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The Accidental Franchise: All Franchises are Licenses

Accidental Franchisor Risks

Michael Seid, Managing Director, MSA Worldwide

Too often in our practice at MSA Worldwide, clients will present to us a set of facts that their lawyers have determined is a license, but in reality is a franchise. Often it’s because of a common notion that unless the licensee’s business is identified by the franchisor’s marks the trademark element of the FTC definition is not triggered. Sometimes the economic business structure of the relationship triggers a fee being in place, and many times the controls imposed by the licensor over the franchisee’s use of the marks cross over the grey line of what is needed to protect a licensor’s goodwill and extend into the additional controls most often found in a franchise relationship.

Even where the determination of whether a business relationship is a license or a franchise avoids triggering the FTC Rules definition, the definition of a franchise in the United States is not uniform. Many states have defined franchising differently from the FTC. Therefore, which state the license originates from or where the licensee is located can trigger an inadvertent franchise relationship in some states.

Let’s first look at some of the elements of the federal definition for a franchise.

Trademark

The first element of the definition of a franchise under the FTC Rules is the use of a franchisor’s trademark by the licensee. The rule states that:

“The franchisee will obtain the right to operate a business that is identified OR associated with the franchisor’s trademark, OR to offer, sell, or distribute goods, services, OR commodities that are identified or associated with the franchisor’s trademark.”

Many people forget the word “or” that is included in this first element of the franchise definition and. because of the FTC’s inclusion of the word “or,” the trademark element is not difficult to trigger. The franchisee’s business does not need to be identified by the franchisor’s brand in order for a license to have been granted – as is often mistakenly believed.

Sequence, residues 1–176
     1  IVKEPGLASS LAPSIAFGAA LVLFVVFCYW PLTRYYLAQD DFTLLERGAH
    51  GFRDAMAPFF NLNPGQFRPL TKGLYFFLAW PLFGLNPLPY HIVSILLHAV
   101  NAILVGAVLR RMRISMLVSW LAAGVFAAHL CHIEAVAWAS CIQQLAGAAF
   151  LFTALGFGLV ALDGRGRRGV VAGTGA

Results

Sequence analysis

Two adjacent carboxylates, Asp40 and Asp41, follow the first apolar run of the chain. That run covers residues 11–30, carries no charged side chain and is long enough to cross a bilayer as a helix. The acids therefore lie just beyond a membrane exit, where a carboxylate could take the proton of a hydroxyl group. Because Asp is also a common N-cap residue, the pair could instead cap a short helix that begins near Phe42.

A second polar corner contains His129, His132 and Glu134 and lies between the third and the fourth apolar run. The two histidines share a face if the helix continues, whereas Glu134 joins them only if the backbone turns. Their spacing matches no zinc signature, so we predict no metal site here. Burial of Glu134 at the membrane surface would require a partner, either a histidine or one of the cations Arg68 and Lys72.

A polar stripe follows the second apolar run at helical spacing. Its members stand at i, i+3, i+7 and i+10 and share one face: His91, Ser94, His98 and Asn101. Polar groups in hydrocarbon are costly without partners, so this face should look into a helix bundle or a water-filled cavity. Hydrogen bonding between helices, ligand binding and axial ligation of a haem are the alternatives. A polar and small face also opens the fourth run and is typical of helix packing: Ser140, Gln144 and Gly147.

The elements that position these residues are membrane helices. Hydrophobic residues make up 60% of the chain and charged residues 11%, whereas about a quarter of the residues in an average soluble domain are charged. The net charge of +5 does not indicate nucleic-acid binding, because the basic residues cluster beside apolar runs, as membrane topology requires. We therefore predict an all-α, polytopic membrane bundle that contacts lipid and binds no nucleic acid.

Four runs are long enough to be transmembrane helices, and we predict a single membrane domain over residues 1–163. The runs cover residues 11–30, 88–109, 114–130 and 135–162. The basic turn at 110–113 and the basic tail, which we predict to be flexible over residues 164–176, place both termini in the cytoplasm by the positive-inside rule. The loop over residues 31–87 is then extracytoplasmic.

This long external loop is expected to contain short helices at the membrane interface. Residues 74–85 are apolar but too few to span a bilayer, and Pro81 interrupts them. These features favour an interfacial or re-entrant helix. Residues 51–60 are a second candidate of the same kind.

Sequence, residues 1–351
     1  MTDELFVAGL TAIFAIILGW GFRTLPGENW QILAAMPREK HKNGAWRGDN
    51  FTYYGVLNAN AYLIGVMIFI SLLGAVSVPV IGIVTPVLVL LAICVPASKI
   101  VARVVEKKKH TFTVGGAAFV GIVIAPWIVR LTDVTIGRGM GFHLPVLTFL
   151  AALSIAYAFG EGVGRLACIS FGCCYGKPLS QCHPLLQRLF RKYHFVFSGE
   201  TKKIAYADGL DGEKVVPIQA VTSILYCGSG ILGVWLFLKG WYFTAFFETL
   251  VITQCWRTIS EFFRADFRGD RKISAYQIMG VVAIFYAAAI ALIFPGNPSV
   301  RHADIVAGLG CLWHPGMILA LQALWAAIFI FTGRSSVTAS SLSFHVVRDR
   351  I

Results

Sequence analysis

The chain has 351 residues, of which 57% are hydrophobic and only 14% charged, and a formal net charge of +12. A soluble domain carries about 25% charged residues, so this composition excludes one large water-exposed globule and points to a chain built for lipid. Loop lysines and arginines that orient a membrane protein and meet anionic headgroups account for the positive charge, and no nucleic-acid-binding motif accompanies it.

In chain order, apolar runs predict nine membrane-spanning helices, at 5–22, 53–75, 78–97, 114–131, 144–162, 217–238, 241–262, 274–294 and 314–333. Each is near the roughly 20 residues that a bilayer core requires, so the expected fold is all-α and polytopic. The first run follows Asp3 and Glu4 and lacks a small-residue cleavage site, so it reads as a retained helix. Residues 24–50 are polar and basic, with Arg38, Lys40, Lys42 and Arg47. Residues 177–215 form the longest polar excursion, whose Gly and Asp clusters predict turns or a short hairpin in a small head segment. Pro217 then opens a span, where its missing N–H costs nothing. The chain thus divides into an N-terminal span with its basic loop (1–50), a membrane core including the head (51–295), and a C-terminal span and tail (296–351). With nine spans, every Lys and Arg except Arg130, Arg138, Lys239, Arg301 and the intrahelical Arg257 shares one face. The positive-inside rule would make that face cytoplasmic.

Certainly, licensing the brand as the identifier of the franchisee’s business to consumers, like that found in Business Format or Traditional franchise systems (McDonald’s, Supercuts, Lawn Doctor) is the most easy to understand. However, using the phrase “a member of the 123 group” or merely granting the right to sell or use the brand’s marks in advertising, even if the use is not required, also constitutes a license. So under the FTC definition, when Home Depot sells Ralph Lauren brand paint, a license has been established. But simply meeting the license element of the FTC’s definition is insufficient for Home Depot to be a franchisee of Ralph Lauren – the definition requires more.

Control

The second element of the FTC’s definition of a franchise is the control over the franchisee’s method of doing business; but again, you can’t ignore the word “or” that the FTC has included, nor the word “significant” in their definition. In understanding how much control or assistance triggers a franchise, you need to come to a resolution of what the word “significant” means. Merely having some control or providing some assistance does not necessarily trigger element number two. But care needs to be taken on how the license is written and how the relationship is executed.

“The franchisor will exert or has authority to exert a significant degree of control over the franchisee’s method of operation, OR provide significant assistance in the franchisee’s method of operation.”

Trademarks are intended, in part, to protect consumers as a symbol of quality and source and, therefore, the licensor has an obligation to control the quality of the products and services associated with its marks. The ability of a licensor to license and retain ownership over its intellectual property in the United States flows from a law passed by Congress in 1947 called the Lanham (Trademark) Act. Under the law, should a licensor fail to control the use of its intellectual property by its licensees, the licensor risks the loss of their intellectual property as the license could be deemed a “naked license” under the law. So, the FTC’s second element is not looking at whether or not the licensor is exercising controls over the use of its intellectual property, since that is required for every licensor. The second element is triggered when that routine and necessary control is elevated to “significant” control. So when does control morph into significant control?